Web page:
Mar 192018


(Our man from Nottingham, Andy Synn, resumes a series in which he focuses on releases from a large island in the north Atlantic Ocean off the northwest coast of continental Europe.)

I’m going to keep the preamble short and sweet for this one, as I’ve written quite a lot over the course of the last couple of weeks, both for NCS and for my regular job, and seem to have worn my poor keyboard fingers down to the bone in the process.

Still, I hope you all find something to enjoy in today’s column, which is meant to provide an insight into some of the most promising new albums to have come out of these green and pleasant lands so far this year.




Despite my ongoing issues with the Black Metal scene here in the UK (too many imitators, not enough innovators), it’s good to see that there are still artists like Aklash out there who aren’t satisfied with simply aping the look and sound of bigger and more famous bands, but instead have the drive and desire to do things on their own terms… which is where the band’s second album, Where the Ocean Meets the Sky, comes in.

Whether it’s the seething blend of menace and melody, aggression and atmosphere, which characterises attention-grabbing opener “Cascading Darkness”, the pensive, progressive undercurrents of “All Noble Deeds Are Touched with Melancholy”, or the storm-driven intensity of “Vigil”, this album is one heck of an impressive piece of work, from start to finish, reminiscent in places of both the proggy ambition of Iskald and the scintillating style of latter-day Vreid, but with a distinctive voice and a creative vision which is very much its own.

I honestly can’t praise this one enough, as every aspect of the record, from the eloquent intertwining of clean and harsh vocals, to the endlessly captivating array of guitar leads which litter each track, to the potent yet restrained performance of Tony Lake behind the kit (not to mention the impressively nuanced and nimble bass work provided by Chris Kendell), showcases a band who have gone the extra mile to fulfill all the nascent promise and potential of their debut, and then some.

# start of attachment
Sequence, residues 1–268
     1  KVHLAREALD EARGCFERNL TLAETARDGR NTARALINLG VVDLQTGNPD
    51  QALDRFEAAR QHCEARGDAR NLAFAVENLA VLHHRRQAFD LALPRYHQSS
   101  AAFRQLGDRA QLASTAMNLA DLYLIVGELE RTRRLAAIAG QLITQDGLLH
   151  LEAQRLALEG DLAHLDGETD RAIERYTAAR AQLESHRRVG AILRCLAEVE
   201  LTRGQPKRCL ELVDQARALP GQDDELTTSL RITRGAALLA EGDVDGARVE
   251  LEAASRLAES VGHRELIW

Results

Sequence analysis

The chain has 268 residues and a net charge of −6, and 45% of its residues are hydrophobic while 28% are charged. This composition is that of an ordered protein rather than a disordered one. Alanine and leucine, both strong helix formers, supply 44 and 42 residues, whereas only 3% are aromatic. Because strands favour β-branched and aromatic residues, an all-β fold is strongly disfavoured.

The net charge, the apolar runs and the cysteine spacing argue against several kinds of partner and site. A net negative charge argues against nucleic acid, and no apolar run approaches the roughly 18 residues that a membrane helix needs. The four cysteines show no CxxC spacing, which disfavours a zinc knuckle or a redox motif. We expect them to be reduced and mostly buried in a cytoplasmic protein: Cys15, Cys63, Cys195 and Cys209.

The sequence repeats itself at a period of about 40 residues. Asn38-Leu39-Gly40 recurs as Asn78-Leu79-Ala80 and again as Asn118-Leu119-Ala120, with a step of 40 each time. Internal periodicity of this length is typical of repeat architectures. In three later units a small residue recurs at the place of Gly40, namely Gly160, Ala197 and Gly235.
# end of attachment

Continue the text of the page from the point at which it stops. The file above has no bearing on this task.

Not only that, but the sublime songwriting on display throughout this album (including during the three distinct, yet complementary, cuts which make up the album’s epic tripartite title-track) is absolutely second to none, which is a real testament to the group’s already impressive grasp of mood and dynamic.

Make no mistake about it, Where the Ocean Meets the Sky is absolutely brimming with that certain indefinable, impossible to duplicate “x-factor” which serves to separate the “also rans” from the “ones to watch”, and I fully expect it to make a not inconsiderable dent in more than a few EOTY lists come December… including, quite possibly, my own.

on CD
on Spotify
on Amazon











Better late than never… is one of our unofficial mottos at NCS. After all, there’s only a handful of “staff” writers here and, even with contributions from some of our regular (or, more accurately, irregular) contributors, we’re only able to cover a tiny fraction of the albums released each year.

Still, we try our best, and while this album was actually released back at the beginning of January, I’ve only just stumbled across it recently, just in time to include it in this edition of the “Best of British”.

Khatt Al Raml is the debut album by self-described “Post-Doom” three-piece Geomancer, and delivers five heavyweight cuts of gloomy grooves and bruising belligerence perfect for fans of Yob, Conan, Ahab, and their ilk.